Figure 4 and online supplementary table 3 shows usability analysis of sound-booth, tablet and web-based audiometry. Tablet audiometry seems equivalent to sound-booth audiometry in terms of perceived usability (UMUX=78, B+) but better in terms of intention-to-use and promote (NPS=+68). Although, web-based audiometry appears an acceptable solution (UMUX=72, C+) with a positive intention-to-promote (NPS=+11), it is less satisfactory than the others and is outperformed by sound-booth audiometry (UMUX=77.5, B+; NPS=+62). The UEQ results confirm this and conversely show sound-booth and tablet-based audiometry provides a similar experience of use. Although sound-booth audiometry seems more dependable to end users, it appears less acceptable in terms of stimulation and novelty compared with tablet audiometry. Analysis also highlights a tendency of users to prefer tablet audiometry in terms of intention-to-promote compared with sound-booth testing.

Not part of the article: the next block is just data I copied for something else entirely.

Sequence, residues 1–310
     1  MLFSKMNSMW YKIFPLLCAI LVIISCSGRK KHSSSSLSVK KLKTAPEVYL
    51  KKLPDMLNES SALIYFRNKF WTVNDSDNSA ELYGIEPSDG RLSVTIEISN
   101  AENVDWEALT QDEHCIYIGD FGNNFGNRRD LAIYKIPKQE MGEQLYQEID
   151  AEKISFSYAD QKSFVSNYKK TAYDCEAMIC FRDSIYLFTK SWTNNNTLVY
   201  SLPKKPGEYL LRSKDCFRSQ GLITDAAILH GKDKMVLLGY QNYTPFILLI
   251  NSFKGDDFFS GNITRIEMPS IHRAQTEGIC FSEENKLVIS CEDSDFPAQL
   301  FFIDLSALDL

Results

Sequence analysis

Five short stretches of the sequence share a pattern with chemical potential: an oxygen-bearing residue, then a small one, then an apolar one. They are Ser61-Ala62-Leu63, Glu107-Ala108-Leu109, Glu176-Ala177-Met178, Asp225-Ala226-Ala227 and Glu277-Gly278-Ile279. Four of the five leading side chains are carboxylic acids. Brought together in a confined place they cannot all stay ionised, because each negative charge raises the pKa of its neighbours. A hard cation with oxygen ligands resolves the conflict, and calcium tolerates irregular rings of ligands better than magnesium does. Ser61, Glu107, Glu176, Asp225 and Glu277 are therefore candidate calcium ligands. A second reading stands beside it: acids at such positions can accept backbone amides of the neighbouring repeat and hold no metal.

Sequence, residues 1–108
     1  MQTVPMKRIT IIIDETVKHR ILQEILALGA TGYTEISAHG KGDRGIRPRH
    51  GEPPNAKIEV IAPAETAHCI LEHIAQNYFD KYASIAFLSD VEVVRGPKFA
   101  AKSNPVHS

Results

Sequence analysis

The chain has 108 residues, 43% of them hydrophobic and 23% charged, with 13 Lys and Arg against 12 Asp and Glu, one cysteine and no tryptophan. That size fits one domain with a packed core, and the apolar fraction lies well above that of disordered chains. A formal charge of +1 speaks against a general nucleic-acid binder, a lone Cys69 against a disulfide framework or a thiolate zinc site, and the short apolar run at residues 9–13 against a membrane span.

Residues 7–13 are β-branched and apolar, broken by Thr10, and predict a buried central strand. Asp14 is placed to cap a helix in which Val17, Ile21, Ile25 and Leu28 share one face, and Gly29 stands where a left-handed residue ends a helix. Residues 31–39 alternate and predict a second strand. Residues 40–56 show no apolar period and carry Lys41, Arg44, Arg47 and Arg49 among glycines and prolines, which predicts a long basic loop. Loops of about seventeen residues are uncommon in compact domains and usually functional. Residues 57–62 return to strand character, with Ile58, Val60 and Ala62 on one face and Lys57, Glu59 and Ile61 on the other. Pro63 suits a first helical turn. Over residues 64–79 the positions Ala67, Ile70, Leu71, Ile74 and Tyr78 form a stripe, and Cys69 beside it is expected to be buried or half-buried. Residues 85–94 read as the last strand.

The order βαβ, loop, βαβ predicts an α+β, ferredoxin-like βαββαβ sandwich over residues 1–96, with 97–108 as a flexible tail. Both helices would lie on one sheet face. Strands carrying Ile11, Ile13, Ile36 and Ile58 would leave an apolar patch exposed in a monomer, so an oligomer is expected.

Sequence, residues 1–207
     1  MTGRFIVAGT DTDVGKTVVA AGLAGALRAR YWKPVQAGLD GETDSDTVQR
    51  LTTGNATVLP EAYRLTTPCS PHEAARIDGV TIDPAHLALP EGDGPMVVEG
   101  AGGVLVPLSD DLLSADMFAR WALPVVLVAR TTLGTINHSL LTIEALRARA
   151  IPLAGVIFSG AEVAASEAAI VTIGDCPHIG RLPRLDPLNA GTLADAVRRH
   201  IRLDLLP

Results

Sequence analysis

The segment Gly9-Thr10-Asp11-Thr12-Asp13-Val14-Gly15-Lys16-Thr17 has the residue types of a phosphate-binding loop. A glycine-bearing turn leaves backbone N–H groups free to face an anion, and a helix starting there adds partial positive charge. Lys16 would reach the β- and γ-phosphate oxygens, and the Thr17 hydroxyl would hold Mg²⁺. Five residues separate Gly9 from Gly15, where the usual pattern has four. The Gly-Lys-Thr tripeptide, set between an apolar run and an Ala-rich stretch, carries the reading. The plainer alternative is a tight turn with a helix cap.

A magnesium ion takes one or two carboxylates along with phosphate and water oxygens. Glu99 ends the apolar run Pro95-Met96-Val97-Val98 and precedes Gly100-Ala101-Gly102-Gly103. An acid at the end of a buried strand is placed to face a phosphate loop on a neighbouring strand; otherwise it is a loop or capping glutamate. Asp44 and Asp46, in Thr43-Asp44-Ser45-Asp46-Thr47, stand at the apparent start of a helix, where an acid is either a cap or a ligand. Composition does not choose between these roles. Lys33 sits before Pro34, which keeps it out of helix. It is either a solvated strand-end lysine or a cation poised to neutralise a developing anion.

Our study similar to those previously reported, highlights a significant prevalence of sensorineural hearing loss (48%) in adults with CF, with a proportion of individuals (8% of study cohort) with severe hearing loss in frequency ranges that will affect speech discrimination and quality of life.10 Studies have highlighted the cognitive implication and effect on quality of life from severe ototoxicity-related sensorineural hearing loss in children.34–36 To the authors’ knowledge, despite the high prevalence in adults with chronic lung disease, no studies evaluating the effect of ototoxicity on quality of life have been performed.

Our data reconfirms the evidence for routine hearing evaluations with extended high frequency (>8 kHz) to detect early ototoxicity. As previously shown, age is a significant factor in determining likelihood of sensorineural hearing loss, particularly in individuals >40 years old. This is in line with previous studies reporting increased ototoxicity in older patients receiving aminoglycosides both with and without CF.10 37 Sensorineural hearing loss was, however, seen in a relatively large percentage of individuals <40 years old with a proportion again having severe hearing impairment. Age itself is a known risk factor for hearing loss through presbycusis, but within the study cohort, also represents likely cumulative antimicrobial therapy.